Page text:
The Photograph


Fiction - Historical - Event/Era
226 Pages
Reviewed on 07/02/2020
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Author Biography

Kat Karpenko is of Ukrainian descent, born in Windsor, Ontario, Canada but has spent most of her life in Nova Scotia. Her writing portfolio contains newspaper and magazine articles, technical manuals, short stories, and her first book, 'Emma's Ghost', a historical novel based in Nova Scotia featuring difficult times during the Halifax Explosion. She has worked at Halifax's Mount Saint Vincent University and Dalhousie University in various administrative capacities and has lived in England and Australia for periods of time over the years. Now retired from Dalhousie University she devotes her energy to creative writing and divides her time between Canada and Mexico with her husband Gene Hood.

    Book Review

Reviewed by Deborah Lloyd for Readers' Favorite

Kat Karpenko is a Canadian of Ukrainian descent and she dedicates her book, The Photograph, to her grandparents. Nicholai and Juliana Karpenko had the foresight and courage to leave their prosperous farm and their beloved family members to protect their children. A lovely photograph of the extended family was taken at a farewell party in their honor. This photograph graces the beginning of the book and brings their story to life. Nicholai saw how Stalin’s authoritarian Five-Year Plan would threaten their livelihood, as his military confiscated farms, its animals, and other personal property. Under the plan, collectivization and grain quotas became more and more difficult each year. Although Nicholai tried to persuade his siblings and families to emigrate to Canada, only several agreed to consider this option. As Stalin’s directives continued, a horrific famine called the Holodomor was created. The remaining Karpenko family members’ attempts to survive during this period are remarkable, but not always successful.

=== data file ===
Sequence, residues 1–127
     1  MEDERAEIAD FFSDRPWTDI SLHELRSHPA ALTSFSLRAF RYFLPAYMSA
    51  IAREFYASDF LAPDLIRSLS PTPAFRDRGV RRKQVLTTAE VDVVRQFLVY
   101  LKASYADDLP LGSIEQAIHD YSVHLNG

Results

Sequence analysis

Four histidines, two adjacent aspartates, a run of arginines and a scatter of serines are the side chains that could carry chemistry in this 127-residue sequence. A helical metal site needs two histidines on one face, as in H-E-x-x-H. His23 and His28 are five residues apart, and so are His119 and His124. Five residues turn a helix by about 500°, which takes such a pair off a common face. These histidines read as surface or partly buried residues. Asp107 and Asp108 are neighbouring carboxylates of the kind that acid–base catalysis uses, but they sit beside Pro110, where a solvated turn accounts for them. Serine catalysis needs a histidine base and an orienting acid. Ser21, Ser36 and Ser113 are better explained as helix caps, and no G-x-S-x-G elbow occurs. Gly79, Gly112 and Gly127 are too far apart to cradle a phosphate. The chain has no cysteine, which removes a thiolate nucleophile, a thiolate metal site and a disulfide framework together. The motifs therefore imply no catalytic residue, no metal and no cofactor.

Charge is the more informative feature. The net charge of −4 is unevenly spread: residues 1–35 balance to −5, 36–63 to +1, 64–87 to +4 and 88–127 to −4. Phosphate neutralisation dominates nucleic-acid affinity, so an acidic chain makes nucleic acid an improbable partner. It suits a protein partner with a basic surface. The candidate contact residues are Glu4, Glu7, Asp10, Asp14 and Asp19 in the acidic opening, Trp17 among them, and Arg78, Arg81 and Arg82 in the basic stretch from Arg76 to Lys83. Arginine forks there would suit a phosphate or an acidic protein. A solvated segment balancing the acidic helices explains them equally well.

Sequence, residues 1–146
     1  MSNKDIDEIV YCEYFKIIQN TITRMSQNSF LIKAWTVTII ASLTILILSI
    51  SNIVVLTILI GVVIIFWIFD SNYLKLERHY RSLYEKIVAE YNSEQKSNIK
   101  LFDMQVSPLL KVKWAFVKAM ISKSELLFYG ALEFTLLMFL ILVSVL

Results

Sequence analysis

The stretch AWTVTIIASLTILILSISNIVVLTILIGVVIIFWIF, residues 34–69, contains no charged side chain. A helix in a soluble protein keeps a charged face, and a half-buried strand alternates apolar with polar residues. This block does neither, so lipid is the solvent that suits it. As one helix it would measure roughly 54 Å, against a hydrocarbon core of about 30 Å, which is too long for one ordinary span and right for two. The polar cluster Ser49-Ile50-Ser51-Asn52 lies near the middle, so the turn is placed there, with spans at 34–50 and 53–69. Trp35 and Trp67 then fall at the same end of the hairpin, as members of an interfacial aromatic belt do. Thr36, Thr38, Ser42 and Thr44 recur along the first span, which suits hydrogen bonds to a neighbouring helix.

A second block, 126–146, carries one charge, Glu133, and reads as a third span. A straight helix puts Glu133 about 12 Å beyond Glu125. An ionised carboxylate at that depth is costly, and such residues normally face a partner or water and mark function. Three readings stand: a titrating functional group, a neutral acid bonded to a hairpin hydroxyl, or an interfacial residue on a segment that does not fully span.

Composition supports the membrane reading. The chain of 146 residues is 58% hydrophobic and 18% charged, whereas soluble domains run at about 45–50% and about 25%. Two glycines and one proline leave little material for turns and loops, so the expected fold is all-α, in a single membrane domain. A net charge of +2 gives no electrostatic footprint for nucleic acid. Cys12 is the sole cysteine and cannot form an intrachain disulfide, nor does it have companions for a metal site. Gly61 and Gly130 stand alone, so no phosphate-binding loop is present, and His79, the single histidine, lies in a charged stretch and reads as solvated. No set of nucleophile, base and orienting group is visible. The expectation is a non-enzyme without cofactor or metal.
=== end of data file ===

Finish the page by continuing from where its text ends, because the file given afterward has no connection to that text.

This book is based on historical facts, and the author notes the characters and storyline are fictional. This account will affect every reader as she crafts realistic characters with real emotions and physical struggles during a time of unfathomable circumstances. The book is divided into three sections – the emigration of Nicholai’s family; the family who stayed, from 1929-1931; the Holodomor during 1932-1933. Her story is compelling and deeply moving. The Photograph written by Kat Karpenko is an unforgettable book. It is both heartwarming and heartrending while imparting important historical information about this terrible period of time when millions of Ukrainians died. Truly memorable.

Jude Jackson

5-Star
The Photograph is a remarkable story of a family caught in a Bolshevik domination resulting in the Ukrainian genocide of which, I sadly confess, I had no previous knowledge. It chronicles the lives of a family divided by their decisions about how to survive the onslaught. Kat Karpenko, the granddaughter of the real Nicholai and Juliana who escaped to Canada, dedicates the book to their courage and foresight. I found her to be a skilled and evocative writer. Historically accurate and compelling to read, The Photograph will inform, amaze and move you to tears. Don’t miss it!
Jude Jackson, Author of Chasing Glitter

C.C. Brondwin


5-star review by C.C. Brondwin

Sitting here after midnight, I am unable to put down this fascinating historical novel, The Photograph, by Kat Karpenko. It is based on a true story of a close family in Ukraine during Stalin’s reign of terror. The family tale is told so compellingly, and at the same time, I was surprised to learn a great deal about the changing political climate that led to the little known genocide by the Russians that killed so many people by execution, starvation and incarceration that ultimately tore apart and decimated so many families.